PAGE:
Rule 311(a)(1) because the February 25, 2013 order reflected that the trial court denied his motion to open/strike the judgment. Appellant's Reply Brief at 2. Appellant points out that the trial court issued its February 25, 2013 order specifically stating that the trial court had vacated the October 9, 2013 order in response to Appellant's motion to open/strike the judgment and that the trial court had denied Appellant's motion to open/strike the judgment. Id.
Of particular relevance to our analysis is the fact that judgment on the issue of liability in this case was entered by the trial court pursuant to Pa.R.C.P. 4019(c)(3) as a sanction for Diefenderfer's refusal to provide discovery, specifically his deposition, as directed by the trial court. We note that this Court was presented with a strikingly similar case in Miller Oral Surgery, Inc. v. Dinello, 342 Pa.Super. 577, 493 A.2d 741 (Pa. Super. 1985).
In Miller Oral Surgery, Inc., the trial court issued a sanction order, entering default judgment against the defendants on the issue of liability pursuant to Pa.R.C.P. 4019(c). Miller Oral Surgery, Inc., 493 A.2d at 742. Following entry of default judgment, the defendants filed a petition to open judgment which the trial court denied. Id.
On appeal, the defendants argued that the order refusing to open judgment was final and appealable as of right pursuant to Pa.R.A.P. 311(a)(1). Miller Oral Surgery, Inc., 493 A.2d at 743. We stated that Pa.R.A.P. 311(a)(1) did not make the interlocutory order appealable as of right because " [a] sanction order entering judgment pursuant to Pa.R.C.P. 4019(c)(3) is not subject to a petition to open." Id. at 743. We explained that:
[t]here is no authority in the rules for such a petition, and orderly practice suggests that there should be none. In this respect a default judgment entered pursuant to Pa.R.C.P. 4019(c)(3) is comparable to a judgment entered after hearing. A party may request a court to reconsider a sanction order entering judgment, of course, but neither reconsideration nor refusal to reconsider will transform an interlocutory order into one that is final and appealable.
Id. Thus, we quashed the appeal. Id. at 744.
As was the case in Miller Oral Surgery, Inc., the trial court's sanction order entering judgment on the issue of liability in this case was not properly the subject of a petition to open. Appellant's petition, therefore, must be treated as a petition to the trial court to reconsider its prior order. The trial court's refusal to reconsider its prior order, however, is not appealable. Miller Oral Surgery, Inc., 493 A.2d at 744. As such, the court's order denying Appellant's petition to open/strike judgment was not a final and appealable order. Id.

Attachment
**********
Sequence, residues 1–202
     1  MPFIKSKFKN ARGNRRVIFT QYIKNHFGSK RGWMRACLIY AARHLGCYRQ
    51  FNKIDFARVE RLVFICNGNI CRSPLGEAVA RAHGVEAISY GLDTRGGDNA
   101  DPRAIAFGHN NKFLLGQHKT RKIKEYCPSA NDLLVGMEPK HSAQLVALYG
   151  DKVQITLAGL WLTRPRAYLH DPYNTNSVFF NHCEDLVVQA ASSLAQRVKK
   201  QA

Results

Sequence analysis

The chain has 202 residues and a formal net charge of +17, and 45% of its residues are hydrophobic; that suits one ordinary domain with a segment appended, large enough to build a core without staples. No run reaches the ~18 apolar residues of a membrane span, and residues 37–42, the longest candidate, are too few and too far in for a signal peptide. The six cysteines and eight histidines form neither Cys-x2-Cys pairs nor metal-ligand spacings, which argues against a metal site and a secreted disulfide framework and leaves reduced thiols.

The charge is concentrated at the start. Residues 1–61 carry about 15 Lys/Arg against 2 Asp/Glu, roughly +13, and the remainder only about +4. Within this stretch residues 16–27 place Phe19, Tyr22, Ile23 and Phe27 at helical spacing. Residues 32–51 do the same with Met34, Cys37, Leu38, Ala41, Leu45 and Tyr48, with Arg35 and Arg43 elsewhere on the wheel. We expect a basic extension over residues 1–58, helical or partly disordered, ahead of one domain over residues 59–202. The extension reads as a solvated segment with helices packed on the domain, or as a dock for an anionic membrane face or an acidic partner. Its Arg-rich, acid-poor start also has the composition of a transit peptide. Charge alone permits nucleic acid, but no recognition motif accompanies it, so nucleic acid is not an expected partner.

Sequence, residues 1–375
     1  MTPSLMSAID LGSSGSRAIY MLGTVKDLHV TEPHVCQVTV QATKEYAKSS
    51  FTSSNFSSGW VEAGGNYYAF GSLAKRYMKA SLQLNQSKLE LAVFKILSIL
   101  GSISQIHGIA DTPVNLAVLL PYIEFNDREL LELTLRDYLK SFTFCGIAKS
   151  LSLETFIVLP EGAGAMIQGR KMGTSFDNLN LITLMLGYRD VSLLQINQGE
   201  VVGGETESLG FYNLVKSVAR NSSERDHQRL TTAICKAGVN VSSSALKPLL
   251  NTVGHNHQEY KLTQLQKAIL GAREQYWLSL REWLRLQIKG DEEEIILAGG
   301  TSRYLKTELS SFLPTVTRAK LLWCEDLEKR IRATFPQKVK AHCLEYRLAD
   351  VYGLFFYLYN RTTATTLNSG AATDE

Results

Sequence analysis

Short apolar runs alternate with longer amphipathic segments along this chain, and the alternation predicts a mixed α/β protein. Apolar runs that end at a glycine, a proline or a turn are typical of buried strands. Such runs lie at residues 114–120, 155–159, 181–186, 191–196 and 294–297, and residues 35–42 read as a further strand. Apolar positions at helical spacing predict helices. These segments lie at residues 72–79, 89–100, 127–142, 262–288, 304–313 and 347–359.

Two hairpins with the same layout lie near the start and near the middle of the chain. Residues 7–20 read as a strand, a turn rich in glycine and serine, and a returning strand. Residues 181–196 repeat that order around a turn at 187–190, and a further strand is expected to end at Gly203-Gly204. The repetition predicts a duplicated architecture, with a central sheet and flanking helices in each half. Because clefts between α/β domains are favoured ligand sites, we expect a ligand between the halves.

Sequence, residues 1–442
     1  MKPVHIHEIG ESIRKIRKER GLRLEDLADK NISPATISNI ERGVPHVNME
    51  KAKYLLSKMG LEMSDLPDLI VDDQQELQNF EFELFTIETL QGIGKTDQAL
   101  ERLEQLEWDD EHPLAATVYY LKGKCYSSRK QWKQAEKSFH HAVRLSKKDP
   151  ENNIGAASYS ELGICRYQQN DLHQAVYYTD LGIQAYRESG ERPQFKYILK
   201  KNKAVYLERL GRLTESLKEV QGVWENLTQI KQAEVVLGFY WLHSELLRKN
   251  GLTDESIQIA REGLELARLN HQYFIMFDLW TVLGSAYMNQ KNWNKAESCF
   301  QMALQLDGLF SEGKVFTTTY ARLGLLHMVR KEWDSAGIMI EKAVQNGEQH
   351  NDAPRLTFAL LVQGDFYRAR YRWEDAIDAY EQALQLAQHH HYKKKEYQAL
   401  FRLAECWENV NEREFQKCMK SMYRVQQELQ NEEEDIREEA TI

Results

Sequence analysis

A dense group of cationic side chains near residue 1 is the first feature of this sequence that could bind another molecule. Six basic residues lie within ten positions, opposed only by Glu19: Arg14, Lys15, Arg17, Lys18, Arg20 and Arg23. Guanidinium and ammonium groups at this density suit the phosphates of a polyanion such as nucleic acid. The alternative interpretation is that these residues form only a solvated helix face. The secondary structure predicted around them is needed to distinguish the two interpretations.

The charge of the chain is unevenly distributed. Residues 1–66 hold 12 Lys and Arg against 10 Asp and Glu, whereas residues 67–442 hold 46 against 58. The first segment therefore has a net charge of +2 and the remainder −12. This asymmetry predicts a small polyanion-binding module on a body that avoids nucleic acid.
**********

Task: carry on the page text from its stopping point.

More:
Additionally, shifting our review to an appeal from the sanction order itself, we also conclude that the appeal should be quashed. The sanction order entering judgment determined liability only, and thus, was interlocutory in nature. Edney v. Southeastern Pennsylvania Transp. Authority, 356 Pa.Super. 160, 514 A.2d 194, 196 (Pa. Super. 1986). A default judgment of this nature is not appealable until judgment has also been entered on the issue of damages. Id. Thus, whether this appeal presents for our consideration either the denial of Appellant's petition to open or strike the judgment (deemed a motion for reconsideration), or the sanction order entering default judgment, we find that the instant appeal is improper and therefore must be quashed.
As this Court has previously explained:
By quashing the present appeal we leave unreviewed the order of the trial court entering a default judgment on the issue of liability. See : Pa.R.App.P. 311(d)(1)(i). If the action proceeds to final judgment for monetary damages, an appeal from the final judgment will bring up for review the entire proceedings, including the sanction order entering judgment in favor of [Appellant] on the issue of liability. By quashing the present appeal and refusing to review the propriety of the trial court's sanction order at this time, we limit to one the number of appeals which can be spawned by the same action.
Miller Oral Surgery, Inc., 493 A.2d at 744.
Appeal quashed. Jurisdiction relinquished.